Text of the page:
Going for a Song

Going for a Song

Going for a Song tells the story of Tina and Ben, a music composer and a lyricist who create an original song and discuss how to market it. Check the texts below and learn how UK copyright law regulates different aspects of the journey of a song, from its creation to its distribution.

  • What constitutes a song? Copyright works in a song.


    A song is the combination of melody and words. Each is protected by copyright: the melody as a musical work and the lyrics as a literary work. One or the other could be used separately and still be protected. In the video, Tina is the author of the melody (composer) and Benjamin is the author of the words (lyricist).

    The song is protected by copyright once it has been ‘fixed’ in a form that can be copied, such as being written down or recorded. It has to be original in the sense of not having been copied from elsewhere (see Track 2). Copyright enables the authors to control the use of their work: who uses it and how.

    Copyright prevents people from

    •   • copying the protected work (the reproduction right)
    •   • distributing copies of it, whether free of charge or for sale (the distribution right)
    •   • renting or lending copies of the work to the public (the rental right)
    •   • performing, showing or playing the work in public (the public performance right)
    •   • communicating the work to the public, including putting it on the internet (the communication right)
    •   • making an adaptation of the work (the adaptation right).

    Copyright ensures that if anyone wants to do any of the things listed above with Tina and Ben’s song, they first need to get permission from both of them. Each of the writers of a song has those rights, regardless of how much or little they contributed to it. Since Tina and Ben are co-authors of the song, copyright in both elements of the song (the melody and the lyrics) will last for 70 years after the death of the last surviving author. This is the case in the UK and many other countries, but copyright is not identical in all territories. For more information about copyright duration, see Copyright Bite #1.

  • Protecting your song


    Tina and Ben both own the song in a sense because each has contributed to its creation. However, each owns a different element of the song: Tina wrote the tune, so she is the owner of the melody, while Ben wrote the words, so he owns the lyrics. This means that if someone wished to use just the melody of the song, they would need only Tina’s permission. For commercial reasons, songwriters may come to an agreement to take equal credit for melody and lyrics even if their contributions are not equal. One of the most famous song writing partnerships of all, Lennon and McCartney, are an example of such an arrangement. You can find more information about ownership of copyright works here: https://www.gov.uk/guidance/ownership-of-copyright-works

    Copyright law protects against copying so the song must be ‘original’ and in some ‘fixed’ form (that could be copied). Tina and Ben could fix the song by recording it on a mobile phone or any other means of doing so, e.g. by writing it on a piece of paper. They choose to record it on their computer and that immediately ‘activates’ copyright protection for them both. There is no need to register the copyright as protection is automatic.

    Ben seems to be worrying about ‘originality’ when he says they might need proof they created the song first. There are steps that creators can take to help prove their ownership, should this ever be disputed.  For example, some creators send themselves a copy of their work by registered post or mark their work with the copyright symbol © followed by their names and the year in which the work was created or published: e.g. © Tina Treble and Benjamin Bass 2016. However, this is not essential for copyright protection.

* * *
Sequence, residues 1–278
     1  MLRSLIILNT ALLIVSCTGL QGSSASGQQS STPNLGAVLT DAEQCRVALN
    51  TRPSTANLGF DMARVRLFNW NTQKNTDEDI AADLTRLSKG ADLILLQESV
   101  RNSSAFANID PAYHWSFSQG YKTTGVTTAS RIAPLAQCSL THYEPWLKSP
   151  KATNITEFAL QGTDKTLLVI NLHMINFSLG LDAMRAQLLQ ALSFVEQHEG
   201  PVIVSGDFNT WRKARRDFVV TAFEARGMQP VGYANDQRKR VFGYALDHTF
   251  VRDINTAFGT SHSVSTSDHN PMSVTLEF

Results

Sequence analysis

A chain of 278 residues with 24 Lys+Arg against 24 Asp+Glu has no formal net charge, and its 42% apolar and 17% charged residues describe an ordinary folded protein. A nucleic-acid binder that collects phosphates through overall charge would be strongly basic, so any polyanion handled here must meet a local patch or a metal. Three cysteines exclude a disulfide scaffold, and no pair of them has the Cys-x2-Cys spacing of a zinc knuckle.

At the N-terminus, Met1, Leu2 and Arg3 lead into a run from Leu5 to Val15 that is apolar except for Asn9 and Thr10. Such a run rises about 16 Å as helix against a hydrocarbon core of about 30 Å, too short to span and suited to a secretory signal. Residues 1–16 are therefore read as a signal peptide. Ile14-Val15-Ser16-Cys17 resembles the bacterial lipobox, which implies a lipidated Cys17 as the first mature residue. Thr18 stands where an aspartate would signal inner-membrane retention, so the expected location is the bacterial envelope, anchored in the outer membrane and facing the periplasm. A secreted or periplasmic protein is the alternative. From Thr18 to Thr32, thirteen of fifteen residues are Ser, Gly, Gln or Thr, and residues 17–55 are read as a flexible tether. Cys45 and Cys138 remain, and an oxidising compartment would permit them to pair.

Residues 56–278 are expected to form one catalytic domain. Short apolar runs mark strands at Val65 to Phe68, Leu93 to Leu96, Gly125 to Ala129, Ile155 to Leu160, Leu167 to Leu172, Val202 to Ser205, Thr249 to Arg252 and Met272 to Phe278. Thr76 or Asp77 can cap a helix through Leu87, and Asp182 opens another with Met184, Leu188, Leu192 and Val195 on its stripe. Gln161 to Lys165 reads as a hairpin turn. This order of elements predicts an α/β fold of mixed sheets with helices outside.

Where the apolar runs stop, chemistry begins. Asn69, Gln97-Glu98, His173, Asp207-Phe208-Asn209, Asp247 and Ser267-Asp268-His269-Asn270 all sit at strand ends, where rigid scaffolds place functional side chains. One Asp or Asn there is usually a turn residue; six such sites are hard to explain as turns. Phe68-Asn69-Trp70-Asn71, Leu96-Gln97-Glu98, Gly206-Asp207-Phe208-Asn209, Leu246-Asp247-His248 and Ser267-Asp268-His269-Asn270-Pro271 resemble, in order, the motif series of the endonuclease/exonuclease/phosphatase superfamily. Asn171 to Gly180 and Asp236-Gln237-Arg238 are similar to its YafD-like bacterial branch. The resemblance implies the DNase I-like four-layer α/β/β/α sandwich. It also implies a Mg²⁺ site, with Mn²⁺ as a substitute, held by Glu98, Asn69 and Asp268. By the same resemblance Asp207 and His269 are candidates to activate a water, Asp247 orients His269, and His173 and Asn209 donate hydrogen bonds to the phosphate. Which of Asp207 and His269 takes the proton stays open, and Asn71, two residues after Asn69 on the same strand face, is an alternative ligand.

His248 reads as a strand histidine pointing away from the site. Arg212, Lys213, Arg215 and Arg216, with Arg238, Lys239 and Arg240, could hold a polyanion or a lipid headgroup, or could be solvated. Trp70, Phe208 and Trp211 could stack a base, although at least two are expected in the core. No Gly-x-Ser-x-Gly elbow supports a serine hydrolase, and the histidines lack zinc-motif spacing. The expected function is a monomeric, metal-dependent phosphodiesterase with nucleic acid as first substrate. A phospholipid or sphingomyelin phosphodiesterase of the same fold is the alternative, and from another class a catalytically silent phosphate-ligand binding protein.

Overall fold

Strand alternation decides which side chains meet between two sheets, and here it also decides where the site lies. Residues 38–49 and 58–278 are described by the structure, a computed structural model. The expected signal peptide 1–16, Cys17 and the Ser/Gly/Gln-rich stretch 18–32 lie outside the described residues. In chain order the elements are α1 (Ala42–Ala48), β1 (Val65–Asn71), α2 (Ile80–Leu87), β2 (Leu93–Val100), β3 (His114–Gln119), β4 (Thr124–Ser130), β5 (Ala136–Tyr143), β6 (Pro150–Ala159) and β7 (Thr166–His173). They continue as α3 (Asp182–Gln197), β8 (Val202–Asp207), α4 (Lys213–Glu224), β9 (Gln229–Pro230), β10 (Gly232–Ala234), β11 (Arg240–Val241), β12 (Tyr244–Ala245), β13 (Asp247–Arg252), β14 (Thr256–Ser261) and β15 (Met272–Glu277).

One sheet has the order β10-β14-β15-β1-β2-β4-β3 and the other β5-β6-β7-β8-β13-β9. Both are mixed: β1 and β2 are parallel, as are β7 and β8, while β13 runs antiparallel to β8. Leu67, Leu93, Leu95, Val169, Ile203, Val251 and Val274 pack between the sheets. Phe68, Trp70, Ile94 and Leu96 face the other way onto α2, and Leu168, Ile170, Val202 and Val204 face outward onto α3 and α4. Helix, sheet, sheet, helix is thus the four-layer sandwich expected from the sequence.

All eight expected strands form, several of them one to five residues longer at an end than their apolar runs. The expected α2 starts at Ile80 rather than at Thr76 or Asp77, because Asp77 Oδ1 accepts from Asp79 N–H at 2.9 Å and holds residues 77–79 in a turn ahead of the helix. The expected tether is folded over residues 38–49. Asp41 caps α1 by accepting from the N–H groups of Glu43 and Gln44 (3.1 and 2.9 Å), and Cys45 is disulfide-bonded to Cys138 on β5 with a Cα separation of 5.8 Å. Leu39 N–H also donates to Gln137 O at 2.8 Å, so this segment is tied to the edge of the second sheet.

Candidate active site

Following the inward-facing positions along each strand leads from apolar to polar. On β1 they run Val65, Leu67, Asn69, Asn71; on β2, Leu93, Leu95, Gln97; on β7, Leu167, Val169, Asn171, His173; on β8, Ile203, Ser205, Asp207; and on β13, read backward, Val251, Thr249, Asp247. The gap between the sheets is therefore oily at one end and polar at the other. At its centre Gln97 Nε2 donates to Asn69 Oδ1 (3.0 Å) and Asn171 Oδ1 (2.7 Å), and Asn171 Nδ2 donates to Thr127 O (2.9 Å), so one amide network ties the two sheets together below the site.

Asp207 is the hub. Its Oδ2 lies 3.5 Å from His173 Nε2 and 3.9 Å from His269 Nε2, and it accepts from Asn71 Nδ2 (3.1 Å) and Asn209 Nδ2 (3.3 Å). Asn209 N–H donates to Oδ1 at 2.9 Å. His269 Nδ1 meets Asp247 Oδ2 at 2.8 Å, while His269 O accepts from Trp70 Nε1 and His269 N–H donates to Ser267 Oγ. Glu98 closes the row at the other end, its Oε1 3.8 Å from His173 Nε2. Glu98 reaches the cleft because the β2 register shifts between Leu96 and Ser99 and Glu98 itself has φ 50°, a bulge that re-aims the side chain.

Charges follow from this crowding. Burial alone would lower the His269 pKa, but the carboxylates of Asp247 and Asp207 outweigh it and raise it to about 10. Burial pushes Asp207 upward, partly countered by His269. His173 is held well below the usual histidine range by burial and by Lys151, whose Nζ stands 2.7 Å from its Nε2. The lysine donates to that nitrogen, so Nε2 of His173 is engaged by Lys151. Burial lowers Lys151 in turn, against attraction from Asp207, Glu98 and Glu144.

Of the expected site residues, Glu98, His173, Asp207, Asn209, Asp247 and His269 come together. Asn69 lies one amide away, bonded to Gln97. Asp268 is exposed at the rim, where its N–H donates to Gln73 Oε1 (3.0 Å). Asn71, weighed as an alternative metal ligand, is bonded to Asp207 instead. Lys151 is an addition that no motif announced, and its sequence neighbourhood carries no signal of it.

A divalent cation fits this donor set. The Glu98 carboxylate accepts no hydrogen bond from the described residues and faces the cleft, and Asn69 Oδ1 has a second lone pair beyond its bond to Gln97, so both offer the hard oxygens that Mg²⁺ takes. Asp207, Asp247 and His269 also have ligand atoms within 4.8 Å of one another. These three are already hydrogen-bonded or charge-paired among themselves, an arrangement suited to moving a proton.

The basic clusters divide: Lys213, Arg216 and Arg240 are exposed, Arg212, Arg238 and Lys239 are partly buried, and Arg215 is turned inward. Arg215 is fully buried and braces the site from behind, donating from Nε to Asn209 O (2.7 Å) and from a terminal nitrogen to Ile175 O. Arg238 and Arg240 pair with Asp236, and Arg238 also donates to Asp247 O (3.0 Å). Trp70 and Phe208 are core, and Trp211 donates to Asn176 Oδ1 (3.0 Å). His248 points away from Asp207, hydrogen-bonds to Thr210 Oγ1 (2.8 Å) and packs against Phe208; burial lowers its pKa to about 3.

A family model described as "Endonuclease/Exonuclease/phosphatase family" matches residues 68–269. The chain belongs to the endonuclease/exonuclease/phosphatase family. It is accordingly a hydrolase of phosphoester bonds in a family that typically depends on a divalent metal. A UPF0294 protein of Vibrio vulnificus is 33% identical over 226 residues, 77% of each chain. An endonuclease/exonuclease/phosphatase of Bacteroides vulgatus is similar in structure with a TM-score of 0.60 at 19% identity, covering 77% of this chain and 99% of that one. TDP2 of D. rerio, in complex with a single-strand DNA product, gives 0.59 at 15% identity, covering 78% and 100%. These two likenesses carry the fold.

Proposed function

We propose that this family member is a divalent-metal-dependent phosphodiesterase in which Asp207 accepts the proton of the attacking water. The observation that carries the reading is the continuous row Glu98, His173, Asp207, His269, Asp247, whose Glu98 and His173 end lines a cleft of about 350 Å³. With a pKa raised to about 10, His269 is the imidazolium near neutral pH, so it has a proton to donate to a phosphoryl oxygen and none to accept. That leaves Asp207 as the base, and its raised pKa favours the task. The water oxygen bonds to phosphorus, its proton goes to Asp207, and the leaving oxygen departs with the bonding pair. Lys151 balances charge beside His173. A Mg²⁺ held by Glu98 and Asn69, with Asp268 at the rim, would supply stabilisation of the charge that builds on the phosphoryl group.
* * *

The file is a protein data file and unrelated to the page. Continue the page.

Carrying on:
The exact meaning of ‘originality’ is not defined in UK legislation but it is guided by facts and judgements from case law. In the UK, courts have set a fairly low bar for satisfying the requirement of originality: so long as the creation of the work involves some labour, skill, judgement or effort, and it is the authors’ own intellectual creation, the work will be considered original and so protected by copyright.

    Protection and earning money from the song are different matters, however, and to obtain any financial reward, Tina and Ben need to perform the song (or let someone else perform it) and register it with a collecting society (Track 6), and maybe also get a contract with a record label (Track 4) or decide to release their song themselves on the internet (Track 5).

  • Sound Recording Rights


    By recording their song Tina and Ben satisfy the ‘fixation’ requirement and their original song will be protected by copyright. But when they record their song they also create a new copyright work known as a ‘sound recording’, also sometimes known as a ‘master’. The copyright in a sound recording is different from the copyright in a song in a number of significant ways.

    The ownership of the sound recording copyright rests with the ‘author’ of the recording. But this is not necessarily a human author in the usual sense of the word. In UK law the author of a sound recording is the ‘producer’, a legal term usually taken to be the record company that paid for the recording to be made.

    So, if Tina and Ben make a recording of their song themselves, they will own the copyright in the recording. However, if they sign a deal with a record company, it is likely that the record company will be identified as the author and owner of the copyright in the sound recording (see Track 4).

    The sound recording right also differs in duration from the copyright in the song. In the UK this copyright has a term of 70-years from release of the work. This is potentially a considerably shorter term than the copyright in the song of 70 years after the death of the last surviving author. Somewhat confusingly, this means the copyright in the sound recording may expire long before the copyright in the song featured on the recording. The duration of each copyright may vary depending on the country.